(1/540) Racial differences in patients' perceptions of debilitated health states.
OBJECTIVE: To determine health utility scores for specific debilitated health states and to identify whether race or other demographic differences predict significant variation in these utility scores. DESIGN: Utility analysis. SETTING: A community hospital general internal medicine clinic, a private internal medicine practice, and a private pulmonary medicine practice. PARTICIPANTS: Sixty-four consecutive patients aged 50 to 75 years awaiting appointments. In order to participate, patients at the pulmonary clinic had to meet prespecified criteria of breathing impairment. MEASUREMENTS: Individuals' strength of preference concerning specific states of limited physical function as measured by the standard gamble technique. MAIN RESULTS: Mean utility scores used to quantitate limitations in physical function were extremely low. Using a scale for which 0 represented death and 1.0 represented normal health, limitation in activities of daily living was rated 0. 19 (95% confidence interval [CI] 0.13, 0.25), tolerance of only bed-to-chair ambulation 0.17 (95% CI 0.11, 0.23), and permanent nursing home placement 0.16 (95% CI 0.10, 0.22). Bivariate analysis identified female gender and African-American race as predictors of higher utility scores ( p =.05). In multiple regression analysis, only race remained statistically significant ( p =.02 for all three outcome variables). CONCLUSION: Comparisons of African-American values with those of whites concerning defined states of debility demonstrate greater than threefold increases in utility scores. This finding suggests that racial differences need to be taken into account when studying the effects of medical interventions on quality of life. (+info)
(2/540) Should doctors practise resuscitation skills on newly deceased patients? A survey of public opinion.
Trainee doctors must acquire skills in resuscitation, but opportunities for learning on real patients are limited. One option is to practise these skills in newly deceased patients. We sought opinions from 400 multiethnic guests at an open-access dinner dance for members of a local community. The questionnaire could elicit the responses strongly agree, agree, unsure, disagree or strongly disagree. 332 (83%) guests responded. For non-invasive techniques, 32% of responders supported practice without consent, 74% with consent. Support diminished with increasing invasiveness of procedure. 91% of the sample were uncomfortable about the procedures, the commonest reason being 'respect for the body' (264/302). 86% of responders felt that practice should last for no more than 5 minutes. The most popular solutions were for people to carry a personal card giving consent (89%) and establishment of a central register of individuals consenting to be practised upon after death (79%). (+info)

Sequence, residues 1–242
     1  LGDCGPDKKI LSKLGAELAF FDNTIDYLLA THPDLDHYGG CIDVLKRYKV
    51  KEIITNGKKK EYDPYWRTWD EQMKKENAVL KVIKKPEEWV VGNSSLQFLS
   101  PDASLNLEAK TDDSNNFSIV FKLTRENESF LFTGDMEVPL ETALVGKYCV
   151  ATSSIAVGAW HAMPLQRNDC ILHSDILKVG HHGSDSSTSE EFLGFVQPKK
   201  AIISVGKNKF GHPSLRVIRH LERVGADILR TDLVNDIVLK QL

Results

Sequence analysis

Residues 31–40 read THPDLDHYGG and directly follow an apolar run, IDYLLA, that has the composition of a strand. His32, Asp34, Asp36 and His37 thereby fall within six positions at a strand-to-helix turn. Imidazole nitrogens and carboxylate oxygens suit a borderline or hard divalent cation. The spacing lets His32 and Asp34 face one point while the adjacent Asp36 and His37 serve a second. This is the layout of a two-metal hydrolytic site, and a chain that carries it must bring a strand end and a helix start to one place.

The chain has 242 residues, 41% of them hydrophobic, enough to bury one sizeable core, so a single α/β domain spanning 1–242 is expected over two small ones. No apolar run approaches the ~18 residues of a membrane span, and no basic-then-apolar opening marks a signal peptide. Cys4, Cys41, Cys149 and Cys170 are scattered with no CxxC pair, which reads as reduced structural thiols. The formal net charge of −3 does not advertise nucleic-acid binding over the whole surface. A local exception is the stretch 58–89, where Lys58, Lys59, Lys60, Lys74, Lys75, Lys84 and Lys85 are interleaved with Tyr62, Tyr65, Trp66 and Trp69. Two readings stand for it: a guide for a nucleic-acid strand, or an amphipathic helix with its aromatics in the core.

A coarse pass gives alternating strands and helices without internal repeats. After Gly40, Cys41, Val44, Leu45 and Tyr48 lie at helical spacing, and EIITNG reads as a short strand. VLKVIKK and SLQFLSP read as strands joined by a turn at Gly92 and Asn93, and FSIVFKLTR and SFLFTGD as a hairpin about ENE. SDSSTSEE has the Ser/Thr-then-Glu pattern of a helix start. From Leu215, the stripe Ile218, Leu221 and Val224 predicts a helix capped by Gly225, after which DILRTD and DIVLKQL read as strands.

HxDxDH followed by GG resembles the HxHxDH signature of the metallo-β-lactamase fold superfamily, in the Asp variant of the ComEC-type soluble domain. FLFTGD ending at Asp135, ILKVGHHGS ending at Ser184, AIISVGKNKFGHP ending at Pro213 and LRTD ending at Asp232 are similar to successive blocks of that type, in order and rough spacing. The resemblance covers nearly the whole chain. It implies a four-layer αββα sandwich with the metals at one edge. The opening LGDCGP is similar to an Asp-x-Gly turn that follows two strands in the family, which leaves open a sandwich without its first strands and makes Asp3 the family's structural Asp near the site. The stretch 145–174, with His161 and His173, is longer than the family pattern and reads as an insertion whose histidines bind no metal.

(3/540) A staff dialogue on caring for a cancer patient who commits suicide: psychosocial issues faced by patients, their families, and caregivers.
Shortly before his death in 1995, Kenneth B. Schwartz, a cancer patient at Massachusetts General Hospital (MGH), founded The Kenneth B. Schwartz Center at MGH. The Schwartz Center is a non-profit organization dedicated to supporting and advancing compassionate health care delivery which provides hope to the patient, support to caregivers, and encourages the healing process. The Center sponsors the Schwartz Center Rounds, a monthly multidisciplinary forum during which caregivers discuss a specific cancer patient, reflect on the important psychosocial issues faced by patients, their families, and their caregivers, and gain insight and support from their fellow staff members. The case presented was of a 31-year-old man who developed adenocarcinoma of the lung with painful bone metastases. His tumor was unresponsive to treatment and he subsequently committed suicide by shooting himself. The verbatim and subsequent discussion raised a number of issues. Staff were devastated by the violent way that he ended his life. They questioned whether more could have been done to prevent this outcome, yet acknowledged that it mirrored the way he had lived, and were able to discuss the values by which we live and die. Some, but not all, felt that the patient had the right to choose how and when to end his life. (+info)
(4/540) The ambiguity about death in Japan: an ethical implication for organ procurement.
In the latter half of the twentieth century, developed countries of the world have made tremendous strides in organ donation and transplantation. However, in this area of medicine, Japan has been slow to follow. Japanese ethics, deeply rooted in religion and tradition, have affected their outlook on life and death. Because the Japanese have only recently started to acknowledge the concept of brain death, transplantation of major organs has been hindered in that country. Currently, there is a dual definition of death in Japan, intended to satisfy both sides of the issue. This interesting paradox, which still stands to be fully resolved, illustrates the contentious conflict between medical ethics and medical progress in Japan. (+info)
(5/540) Stability of attitudes regarding physician-assisted suicide and euthanasia among oncology patients, physicians, and the general public.